Minimum biosecurity measures

egg-cta

Schedule 1 – Minimum biosecurity measures applying to all keepers

Part 1

Any keeper of poultry (including game birds and pet birds) or other captive birds irrespective of how they are kept, must take appropriate and practicable steps, that can be demonstrated to an inspector on request, to ensure that–

(1) precautions are taken to avoid the transfer of virus contamination between premises, including cleansing and disinfection of equipment, vehicles and footwear. Where there are more than 50 poultry or other captive birds, place foot dip containing Defra-approved poultry disinfectant at strategic points including at the entry and exit of all houses or outdoor areas where birds are kept, and footwear must be cleaned using the dips on entry and exit or alternatively footwear should be changed when moving between bird and non-bird areas;

(2) feed, water and bedding are stored to minimise the risk of virus contamination;

(3) effective vermin control is carried out in any part of the premises where poultry or other captive birds are kept;

(4) the movement of people, vehicles or equipment to and from the part of the premises where poultry are kept is reduced to only essential movements for looking after their welfare, collecting eggs and feeding;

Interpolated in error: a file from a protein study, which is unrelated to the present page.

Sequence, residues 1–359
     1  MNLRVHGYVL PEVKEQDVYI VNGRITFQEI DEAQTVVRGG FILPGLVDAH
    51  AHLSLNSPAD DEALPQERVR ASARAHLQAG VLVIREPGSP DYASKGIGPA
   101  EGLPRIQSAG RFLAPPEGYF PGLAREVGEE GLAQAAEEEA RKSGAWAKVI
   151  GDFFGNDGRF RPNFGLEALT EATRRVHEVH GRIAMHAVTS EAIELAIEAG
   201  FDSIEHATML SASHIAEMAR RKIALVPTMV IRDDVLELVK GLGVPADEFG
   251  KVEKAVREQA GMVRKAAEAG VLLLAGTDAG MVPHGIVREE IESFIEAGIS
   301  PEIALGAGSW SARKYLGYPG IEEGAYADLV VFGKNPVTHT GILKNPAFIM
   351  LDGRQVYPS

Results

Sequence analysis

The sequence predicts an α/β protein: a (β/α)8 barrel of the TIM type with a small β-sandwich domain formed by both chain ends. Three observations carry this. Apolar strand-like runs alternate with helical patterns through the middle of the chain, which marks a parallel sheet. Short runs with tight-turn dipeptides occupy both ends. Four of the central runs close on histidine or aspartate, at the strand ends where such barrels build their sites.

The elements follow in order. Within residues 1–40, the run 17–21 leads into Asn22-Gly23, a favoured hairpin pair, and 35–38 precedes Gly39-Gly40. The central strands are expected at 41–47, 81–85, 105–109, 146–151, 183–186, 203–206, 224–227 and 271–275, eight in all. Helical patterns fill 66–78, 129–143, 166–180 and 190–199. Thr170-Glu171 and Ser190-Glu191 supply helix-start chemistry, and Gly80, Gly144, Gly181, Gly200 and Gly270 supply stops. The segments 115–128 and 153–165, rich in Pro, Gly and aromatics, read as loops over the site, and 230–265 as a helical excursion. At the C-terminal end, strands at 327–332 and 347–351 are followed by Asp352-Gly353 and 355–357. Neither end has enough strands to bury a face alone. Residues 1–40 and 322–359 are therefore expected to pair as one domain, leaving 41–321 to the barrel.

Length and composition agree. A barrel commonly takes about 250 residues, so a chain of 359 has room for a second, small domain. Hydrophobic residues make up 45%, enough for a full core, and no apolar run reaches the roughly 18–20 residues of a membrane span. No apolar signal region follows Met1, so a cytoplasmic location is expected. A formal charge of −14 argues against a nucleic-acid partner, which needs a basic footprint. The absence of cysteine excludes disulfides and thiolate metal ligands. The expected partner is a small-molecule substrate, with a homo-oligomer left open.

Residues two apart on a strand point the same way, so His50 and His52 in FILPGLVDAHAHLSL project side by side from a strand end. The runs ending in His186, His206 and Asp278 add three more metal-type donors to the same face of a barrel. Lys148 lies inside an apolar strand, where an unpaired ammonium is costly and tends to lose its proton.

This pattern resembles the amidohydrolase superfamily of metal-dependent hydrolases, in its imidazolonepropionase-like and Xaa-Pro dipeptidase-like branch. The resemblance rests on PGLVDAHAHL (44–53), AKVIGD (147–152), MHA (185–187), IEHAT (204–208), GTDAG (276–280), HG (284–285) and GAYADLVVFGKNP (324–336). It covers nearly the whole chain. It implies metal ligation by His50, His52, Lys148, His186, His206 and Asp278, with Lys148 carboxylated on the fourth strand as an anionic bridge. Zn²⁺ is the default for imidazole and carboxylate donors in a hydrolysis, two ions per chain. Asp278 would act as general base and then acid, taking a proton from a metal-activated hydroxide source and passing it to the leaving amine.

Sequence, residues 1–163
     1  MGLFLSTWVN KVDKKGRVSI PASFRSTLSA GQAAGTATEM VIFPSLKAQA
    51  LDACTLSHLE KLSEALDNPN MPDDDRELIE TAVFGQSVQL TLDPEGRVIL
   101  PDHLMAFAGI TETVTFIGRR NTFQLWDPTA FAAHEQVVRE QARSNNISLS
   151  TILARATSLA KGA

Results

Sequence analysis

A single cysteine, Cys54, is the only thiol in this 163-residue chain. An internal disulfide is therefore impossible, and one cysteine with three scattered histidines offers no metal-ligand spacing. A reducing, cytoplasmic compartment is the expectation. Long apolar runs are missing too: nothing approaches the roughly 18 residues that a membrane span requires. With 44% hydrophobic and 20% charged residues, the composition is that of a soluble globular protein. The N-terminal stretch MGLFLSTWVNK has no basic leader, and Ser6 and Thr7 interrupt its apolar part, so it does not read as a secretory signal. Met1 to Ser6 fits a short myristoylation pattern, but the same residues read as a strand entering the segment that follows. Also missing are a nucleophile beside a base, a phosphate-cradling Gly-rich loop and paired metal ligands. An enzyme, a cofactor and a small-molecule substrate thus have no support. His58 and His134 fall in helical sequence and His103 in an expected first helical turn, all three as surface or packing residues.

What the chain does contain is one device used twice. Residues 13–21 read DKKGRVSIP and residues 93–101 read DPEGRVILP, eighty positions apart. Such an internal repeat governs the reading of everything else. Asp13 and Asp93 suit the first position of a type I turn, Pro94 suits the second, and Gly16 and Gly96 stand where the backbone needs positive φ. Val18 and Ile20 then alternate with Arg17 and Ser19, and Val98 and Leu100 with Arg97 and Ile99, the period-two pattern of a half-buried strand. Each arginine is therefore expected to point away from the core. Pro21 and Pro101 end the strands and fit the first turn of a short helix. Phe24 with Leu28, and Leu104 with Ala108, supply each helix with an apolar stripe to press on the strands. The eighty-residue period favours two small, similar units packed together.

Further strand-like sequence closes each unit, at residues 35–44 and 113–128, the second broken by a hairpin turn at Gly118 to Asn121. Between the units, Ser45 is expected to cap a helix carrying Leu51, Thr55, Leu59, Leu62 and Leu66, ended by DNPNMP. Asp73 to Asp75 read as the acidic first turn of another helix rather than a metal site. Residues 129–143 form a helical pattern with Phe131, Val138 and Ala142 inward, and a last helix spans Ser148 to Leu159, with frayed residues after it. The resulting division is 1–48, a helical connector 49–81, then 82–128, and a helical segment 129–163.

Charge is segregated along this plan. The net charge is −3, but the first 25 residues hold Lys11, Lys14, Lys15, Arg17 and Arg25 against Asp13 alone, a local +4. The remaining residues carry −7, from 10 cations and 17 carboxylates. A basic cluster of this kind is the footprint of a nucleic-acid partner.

(5) records are kept (other than in a zoo) of all vehicles that enter any part of the premises where poultry are kept and of all people who come into any direct contact with the poultry.

(6) records of poultry, captive birds and egg movements must be kept and made available to an inspector or veterinary inspector on demand. Records should include:

  • the quantity and description (including species of bird or type of egg) transported or marketed;
  • the date of the movement off the premises;
  • the premises of destination (if known);
  • the name and address of the person to whom ownership or possession is being or has been transferred;

(7) buildings that house the birds are maintained and any defects that allow water ingress or other contamination to enter the building are rectified without undue delay.

Part 2

Outdoor range areas (all outdoor areas where poultry (including game birds and pet birds) or other captive birds have access) must be fenced to keep birds within the range and must be actively managed by the keeper to ensure that–

(1) the range area is not contaminated with feathers or faecal material from wild birds and take all reasonable steps to remove such contamination that may be present;

(2) access to open or permanent standing water is restricted by fencing off and netting ponds, standing water, or waterlogged land to prevent access by poultry or other captive birds;

(3) there is no direct contact with poultry or other captive birds on other neighbouring premises;

(4) ducks and geese should not be kept in the same pen or building as other poultry species;

(5) feed and water are kept indoors and birds are fed indoors or under a covered area which sufficiently discourages the landing of wild birds and thereby prevent contact by wild birds with their feed or water;

(6) measures are in place to ensure that wild birds are not attracted to areas under the control of the keeper, in the vicinity of the outdoor area, in particular to watercourses, reservoirs, ponds or other standing water;

(7) proactive measures (for example, bird scarers, foils, streamers) are taken to discourage wild birds, in particular gulls and wild waterfowl, from entering the fenced outdoor areas;